As the weeks pass quickly, we are approaching the Translational Science 2022 meeting, scheduled in Chicago next month. We hope to see many of you there and we will be offering an opportunity to meet up. We will arrange an informal “Meet the JCTS Editor-in-Chief” opportunity and I very much look forward to meeting anyone who might want information or have some suggestion to offer for the journal. As we have said many times, JCTS belongs to all of you and we are most happy to get feedback and suggestions. While we remain extremely concerned about the development in Ukraine and the uncertain fate of our colleagues and their patients, we nevertheless must look forward to address new challenges. We hope that the April meeting will help bring us all together in this effort.
Lars Berglund, M.D., Ph.D., FAHA
Editor-in-Chief, Journal of Clinical and Translational Science (JCTS)
Translational Science 2022: Register Today!
There's still time to register for Translational Science: Transformational Translational Science: Opportunities for Success taking place April 20-22, 2022 in Chicago, Illinois!
This year's scientific line-up consists of sessions that focus on recent clinical trials, research studies, and topics that are top-of-mind for today's trainees, junior faculty, and senior scientists.
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Upcoming Virtual Roundtable
Join us on Wednesday, March 30 at 11:00 AM CT for a virtual roundtable, planned by the ACTS Professional Development Committee: "Putting a Spring in Your Online Teaching."
In this highly interactive first installment of the ACTS Professional Development Roundtables, you will learn from experts and share your own thoughts and experiences as we explore what makes an engaging, inclusive online course.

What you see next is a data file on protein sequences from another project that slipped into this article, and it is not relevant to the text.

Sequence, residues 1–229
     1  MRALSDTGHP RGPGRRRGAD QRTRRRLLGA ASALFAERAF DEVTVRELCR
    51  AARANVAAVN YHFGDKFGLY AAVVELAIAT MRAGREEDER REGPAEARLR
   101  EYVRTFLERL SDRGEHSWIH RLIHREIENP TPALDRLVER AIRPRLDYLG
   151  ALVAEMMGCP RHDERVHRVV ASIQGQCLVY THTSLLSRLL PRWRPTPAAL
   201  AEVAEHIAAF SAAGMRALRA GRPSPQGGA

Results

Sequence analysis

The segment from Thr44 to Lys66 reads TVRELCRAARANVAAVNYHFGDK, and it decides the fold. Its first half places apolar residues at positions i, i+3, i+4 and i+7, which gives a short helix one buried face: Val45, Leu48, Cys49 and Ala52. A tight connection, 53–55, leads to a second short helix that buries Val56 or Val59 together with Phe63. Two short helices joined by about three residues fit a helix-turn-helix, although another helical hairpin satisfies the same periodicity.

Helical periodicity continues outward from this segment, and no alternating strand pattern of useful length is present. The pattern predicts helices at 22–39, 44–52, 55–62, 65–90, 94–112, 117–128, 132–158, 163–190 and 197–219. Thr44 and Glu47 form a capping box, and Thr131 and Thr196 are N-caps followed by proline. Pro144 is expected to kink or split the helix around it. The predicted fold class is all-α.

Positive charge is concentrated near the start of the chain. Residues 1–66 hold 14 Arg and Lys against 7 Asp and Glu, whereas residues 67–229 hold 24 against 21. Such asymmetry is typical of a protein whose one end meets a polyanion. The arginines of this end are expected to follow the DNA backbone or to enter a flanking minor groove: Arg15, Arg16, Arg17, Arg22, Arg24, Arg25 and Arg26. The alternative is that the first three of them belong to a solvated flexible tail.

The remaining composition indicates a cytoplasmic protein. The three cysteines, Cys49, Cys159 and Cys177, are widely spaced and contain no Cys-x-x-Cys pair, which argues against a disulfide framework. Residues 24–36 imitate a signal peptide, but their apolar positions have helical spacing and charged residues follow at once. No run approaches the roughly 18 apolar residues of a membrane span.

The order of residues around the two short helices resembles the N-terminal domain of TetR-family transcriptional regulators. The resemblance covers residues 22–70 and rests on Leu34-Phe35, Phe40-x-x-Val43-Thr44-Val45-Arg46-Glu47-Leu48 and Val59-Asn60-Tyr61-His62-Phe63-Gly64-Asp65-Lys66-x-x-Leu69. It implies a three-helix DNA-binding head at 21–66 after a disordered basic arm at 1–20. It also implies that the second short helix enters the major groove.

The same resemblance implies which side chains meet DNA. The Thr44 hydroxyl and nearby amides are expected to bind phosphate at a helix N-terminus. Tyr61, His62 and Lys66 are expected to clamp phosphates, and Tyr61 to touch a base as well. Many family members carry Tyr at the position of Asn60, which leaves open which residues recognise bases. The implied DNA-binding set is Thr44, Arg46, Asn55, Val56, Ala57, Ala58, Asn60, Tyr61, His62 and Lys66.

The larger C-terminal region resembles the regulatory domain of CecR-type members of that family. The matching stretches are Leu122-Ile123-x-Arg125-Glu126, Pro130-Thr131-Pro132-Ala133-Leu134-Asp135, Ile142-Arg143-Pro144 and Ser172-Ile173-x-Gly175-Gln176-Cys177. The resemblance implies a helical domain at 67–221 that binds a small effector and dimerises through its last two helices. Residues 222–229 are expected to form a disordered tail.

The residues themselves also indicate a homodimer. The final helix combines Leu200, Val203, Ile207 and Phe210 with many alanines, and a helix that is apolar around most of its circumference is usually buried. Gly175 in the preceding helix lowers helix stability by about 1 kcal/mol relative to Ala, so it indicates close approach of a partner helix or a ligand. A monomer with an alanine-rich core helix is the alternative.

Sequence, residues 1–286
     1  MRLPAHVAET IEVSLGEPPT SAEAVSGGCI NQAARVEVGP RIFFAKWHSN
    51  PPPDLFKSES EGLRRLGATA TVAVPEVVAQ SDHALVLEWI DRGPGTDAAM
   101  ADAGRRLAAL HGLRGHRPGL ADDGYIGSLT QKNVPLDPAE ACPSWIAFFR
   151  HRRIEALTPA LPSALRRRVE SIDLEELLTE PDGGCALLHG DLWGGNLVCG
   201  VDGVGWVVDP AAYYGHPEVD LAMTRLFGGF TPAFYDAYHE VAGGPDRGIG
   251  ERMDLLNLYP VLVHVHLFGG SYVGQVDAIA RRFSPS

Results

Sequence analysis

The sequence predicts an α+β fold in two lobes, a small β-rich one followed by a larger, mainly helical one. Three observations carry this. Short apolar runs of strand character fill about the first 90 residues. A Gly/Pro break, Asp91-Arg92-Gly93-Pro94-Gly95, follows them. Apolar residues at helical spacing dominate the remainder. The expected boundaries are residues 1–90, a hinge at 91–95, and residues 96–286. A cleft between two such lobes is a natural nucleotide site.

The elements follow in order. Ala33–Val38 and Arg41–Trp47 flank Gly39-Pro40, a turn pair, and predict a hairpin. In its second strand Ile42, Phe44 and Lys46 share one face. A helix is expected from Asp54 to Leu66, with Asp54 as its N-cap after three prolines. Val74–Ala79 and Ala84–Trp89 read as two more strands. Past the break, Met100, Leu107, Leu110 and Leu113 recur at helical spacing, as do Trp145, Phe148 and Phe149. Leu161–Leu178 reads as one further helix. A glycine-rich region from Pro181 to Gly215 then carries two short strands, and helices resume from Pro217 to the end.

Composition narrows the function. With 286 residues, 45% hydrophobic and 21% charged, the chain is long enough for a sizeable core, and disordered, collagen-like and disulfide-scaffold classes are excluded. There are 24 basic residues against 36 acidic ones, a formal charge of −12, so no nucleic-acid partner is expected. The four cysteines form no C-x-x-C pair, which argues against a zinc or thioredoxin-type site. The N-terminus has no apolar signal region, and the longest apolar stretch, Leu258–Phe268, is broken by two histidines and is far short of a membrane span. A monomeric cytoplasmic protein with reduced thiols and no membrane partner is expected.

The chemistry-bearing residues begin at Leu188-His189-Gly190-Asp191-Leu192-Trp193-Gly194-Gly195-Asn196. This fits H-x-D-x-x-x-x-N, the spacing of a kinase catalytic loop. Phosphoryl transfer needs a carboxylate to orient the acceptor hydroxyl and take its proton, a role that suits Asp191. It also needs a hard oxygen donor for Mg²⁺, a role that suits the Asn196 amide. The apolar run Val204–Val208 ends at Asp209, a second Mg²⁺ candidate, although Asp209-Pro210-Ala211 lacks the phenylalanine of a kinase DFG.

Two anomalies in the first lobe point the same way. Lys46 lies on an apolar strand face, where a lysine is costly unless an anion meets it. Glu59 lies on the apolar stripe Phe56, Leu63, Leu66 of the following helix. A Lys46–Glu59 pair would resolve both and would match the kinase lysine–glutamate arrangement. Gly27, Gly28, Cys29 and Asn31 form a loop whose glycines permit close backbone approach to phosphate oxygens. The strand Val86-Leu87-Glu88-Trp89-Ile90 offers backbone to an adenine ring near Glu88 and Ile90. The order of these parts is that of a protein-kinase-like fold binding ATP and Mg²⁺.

This virtual roundtable is free for members, $10 for non-member early career investigators, and $15 for non-members.
Lasker Clinical Research Scholars Program
The National Institutes of Health, in partnership with the Lasker Foundation, is pleased to announce the 2022-23 Lasker Clinical Research Scholars Program. The program supports clinical researchers in the early stages of their careers, to promote their development to fully independent positions. Lasker Scholars are appointed as independent, tenure-track level investigators in the NIH Intramural Research Program for 5 years, followed by 3 years of funding at an extramural research institution (up to $500,000 direct costs per year) or continued appointment in the intramural program. Candidates must have a clinical doctoral degree and a professional license to practice in the United States, and cannot already have obtained tenure at a research institution. The application deadline is June 24, 2022.
More information can be obtained at the Lasker Scholar website, or by contacting Dr. Chuck Dearolf at LaskerScholar@nih.gov.
News From the Hill: March 18, 2022
On March 11th, Congress passed a $1.5 trillion Fiscal Year (FY) 2022 omnibus appropriations package. The package reflects the impact and importance of advocacy by the clinical and translational science community, and once again provides meaningful funding increases for key programs.
Read more on the ACTS Advocacy page.
The ACTS Career Center is the premier resource for connecting those in the field of translational science with career opportunities. Visit today to find a wealth of resources to help achieve your career goals.